Few people have ever accused Americans of being consistent politically. And two new Gallup Polls confirm just that.
It seems that come the end of the ninth month of 2017 and the close of the 2017 fiscal year, despite growing grumbling Americans much prefer to have Congress and the White House controlled by the same party, as it is now and was during Barack Obama’s first two years.
But — wait for it — they also feel a growing need for a third party.
Public sentiment for a divided or united government by party has shifted back and forth this century. From 2004 to 2007 the country preferred one party checking the other by each controlling one branch. Preferences jumped around a bit until 2013.
Then, after three years of gridlock with Republican House control and a Democrat in the White House, Americans settled back to wanting one party in charge of the whole swamp.
In last November’s election, they got it, though barely. And now despite few signs of super productivity from a GOP House and Senate and an ostensibly Republican president, the country is sticking with single party preference.
No preference has ever gained majority support. A third of the country now says it prefers single-party government while a quarter claims to want divided government. You’ll never guess which party’s members are currently most happy with one-party control. Yes, it’s the GOP, which currently controls both Capitol Hill and the Oval Office.
It may not surprise you then, that during Obama’s endless two terms, Democrats were most happy with one-party control, although they lost it in 2010 after ObamaCare was rammed through.
Trump is the fourth consecutive president to take office with his party in control of both houses of Congress. The previous three presidents all left office with Congress controlled by the opposing party, following midterm election losses. No president since 1980 has had a Congress controlled by his own party for a full term of office.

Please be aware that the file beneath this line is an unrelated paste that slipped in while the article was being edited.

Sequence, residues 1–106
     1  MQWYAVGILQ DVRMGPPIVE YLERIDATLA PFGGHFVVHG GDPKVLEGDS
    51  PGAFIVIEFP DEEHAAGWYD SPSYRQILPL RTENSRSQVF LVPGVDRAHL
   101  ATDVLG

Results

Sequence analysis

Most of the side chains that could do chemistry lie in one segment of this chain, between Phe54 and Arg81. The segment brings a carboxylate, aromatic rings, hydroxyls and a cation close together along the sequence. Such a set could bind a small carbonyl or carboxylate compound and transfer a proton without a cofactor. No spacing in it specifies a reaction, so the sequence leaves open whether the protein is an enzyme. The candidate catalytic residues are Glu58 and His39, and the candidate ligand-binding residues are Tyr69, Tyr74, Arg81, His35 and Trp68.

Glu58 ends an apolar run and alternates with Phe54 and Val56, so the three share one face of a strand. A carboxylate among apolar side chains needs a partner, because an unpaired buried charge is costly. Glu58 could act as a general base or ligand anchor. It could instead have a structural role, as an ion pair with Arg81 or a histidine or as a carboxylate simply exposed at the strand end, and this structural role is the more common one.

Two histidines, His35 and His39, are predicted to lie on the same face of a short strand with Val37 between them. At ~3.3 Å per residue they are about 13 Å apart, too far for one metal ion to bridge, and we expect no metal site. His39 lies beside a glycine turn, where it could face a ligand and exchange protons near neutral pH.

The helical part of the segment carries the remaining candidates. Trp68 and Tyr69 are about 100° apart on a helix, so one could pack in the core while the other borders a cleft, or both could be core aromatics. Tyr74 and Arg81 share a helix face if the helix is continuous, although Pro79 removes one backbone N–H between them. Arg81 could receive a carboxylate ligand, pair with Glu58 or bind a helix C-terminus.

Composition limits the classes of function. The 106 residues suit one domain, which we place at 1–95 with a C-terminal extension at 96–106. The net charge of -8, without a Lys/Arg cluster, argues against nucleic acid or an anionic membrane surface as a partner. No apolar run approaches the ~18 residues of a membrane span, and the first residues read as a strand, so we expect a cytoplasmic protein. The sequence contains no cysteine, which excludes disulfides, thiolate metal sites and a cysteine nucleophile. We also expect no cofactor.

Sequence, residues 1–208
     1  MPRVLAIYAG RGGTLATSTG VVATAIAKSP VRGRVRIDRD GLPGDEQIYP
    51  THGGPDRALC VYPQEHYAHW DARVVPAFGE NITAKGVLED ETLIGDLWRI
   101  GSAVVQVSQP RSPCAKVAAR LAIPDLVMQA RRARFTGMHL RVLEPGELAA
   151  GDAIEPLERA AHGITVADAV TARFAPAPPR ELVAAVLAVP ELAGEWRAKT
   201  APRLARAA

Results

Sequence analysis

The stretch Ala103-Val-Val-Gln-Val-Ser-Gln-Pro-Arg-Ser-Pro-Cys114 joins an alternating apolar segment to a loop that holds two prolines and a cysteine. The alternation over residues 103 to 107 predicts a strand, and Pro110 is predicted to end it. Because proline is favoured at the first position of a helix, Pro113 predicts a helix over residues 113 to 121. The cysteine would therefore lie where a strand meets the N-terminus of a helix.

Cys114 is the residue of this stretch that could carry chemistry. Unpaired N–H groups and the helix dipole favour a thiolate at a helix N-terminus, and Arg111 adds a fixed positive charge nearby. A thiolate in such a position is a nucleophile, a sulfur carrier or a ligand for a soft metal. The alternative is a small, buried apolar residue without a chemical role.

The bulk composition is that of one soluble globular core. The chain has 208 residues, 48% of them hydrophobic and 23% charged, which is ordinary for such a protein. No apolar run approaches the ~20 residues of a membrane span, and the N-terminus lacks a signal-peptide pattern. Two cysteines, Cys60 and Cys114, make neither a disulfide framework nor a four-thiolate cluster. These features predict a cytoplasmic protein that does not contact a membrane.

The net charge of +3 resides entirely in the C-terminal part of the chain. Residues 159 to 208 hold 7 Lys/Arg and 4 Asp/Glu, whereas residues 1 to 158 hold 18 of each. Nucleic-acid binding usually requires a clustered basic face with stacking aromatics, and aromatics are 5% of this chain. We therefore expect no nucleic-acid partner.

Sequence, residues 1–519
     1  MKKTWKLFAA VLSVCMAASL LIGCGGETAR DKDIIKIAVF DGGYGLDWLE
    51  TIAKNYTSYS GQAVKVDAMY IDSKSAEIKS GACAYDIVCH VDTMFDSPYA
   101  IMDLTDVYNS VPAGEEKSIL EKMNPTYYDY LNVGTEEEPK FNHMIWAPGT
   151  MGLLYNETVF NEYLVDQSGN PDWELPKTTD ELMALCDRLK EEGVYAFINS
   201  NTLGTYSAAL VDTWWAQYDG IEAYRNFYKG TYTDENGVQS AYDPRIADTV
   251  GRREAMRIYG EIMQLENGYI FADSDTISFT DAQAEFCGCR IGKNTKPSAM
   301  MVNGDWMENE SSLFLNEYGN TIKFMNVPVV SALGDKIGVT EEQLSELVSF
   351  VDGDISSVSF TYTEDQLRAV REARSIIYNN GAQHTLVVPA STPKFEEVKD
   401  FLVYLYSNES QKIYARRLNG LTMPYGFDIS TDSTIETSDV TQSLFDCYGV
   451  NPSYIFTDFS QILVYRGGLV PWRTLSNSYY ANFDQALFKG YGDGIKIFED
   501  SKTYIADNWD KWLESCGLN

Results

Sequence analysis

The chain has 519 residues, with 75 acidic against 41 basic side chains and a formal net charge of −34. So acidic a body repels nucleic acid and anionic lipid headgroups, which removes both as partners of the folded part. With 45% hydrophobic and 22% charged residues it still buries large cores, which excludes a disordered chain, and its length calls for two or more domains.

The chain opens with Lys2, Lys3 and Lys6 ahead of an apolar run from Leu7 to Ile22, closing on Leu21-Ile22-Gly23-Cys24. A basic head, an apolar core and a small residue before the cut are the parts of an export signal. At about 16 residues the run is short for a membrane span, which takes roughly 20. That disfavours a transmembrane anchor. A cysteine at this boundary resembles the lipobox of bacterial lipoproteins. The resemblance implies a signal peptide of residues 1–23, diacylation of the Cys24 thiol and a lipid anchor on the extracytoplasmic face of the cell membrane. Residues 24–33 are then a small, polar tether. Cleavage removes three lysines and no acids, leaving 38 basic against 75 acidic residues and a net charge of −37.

But for the past 37 years no president has had a Congress controlled by his own party for a full term of office. This augurs ill for Republicans come the midterm elections of Nov. 6, 2018. Which may help explain President Trump’s recent expressed willingness to work with Democrats.
Now at the same time, a whopping six-out-of-ten Americans see a compelling need for a third national political party. History suggests that’s not going to happen given the enduring propensity of one of the existing two major parties to co-opt and absorb would-be third party issues and members. The 61% is the highest favoring a third party in Gallup history.
“In your view, do the Republican and Democratic parties do an adequate job of representing the American peop0le, or do they do such a poor job that a third major party is needed?”
Among Republicans, 49% see a need for another party, while 46% say the existing pair is adequate. Democrats split 52% for a new party while 45% are good with the status quo.
The big break comes among independents where 77% want a new choice and only 17% are happy with two. Independents tend to be more centrist in their thinking, which would fill a gap between Democrats drifting left and Republicans moving right. But the center needs a compelling — and wealthy — political figure.
Existing third parties like the Greens and Libertarians have not shown an ability to attract the mass support needed for electoral success beyond splitting one of the other two parties. That’s what Ross Perot’s Reform Party USA accomplished in 1992, dividing GOP voters and handing the White House to Bill Clinton for eight years.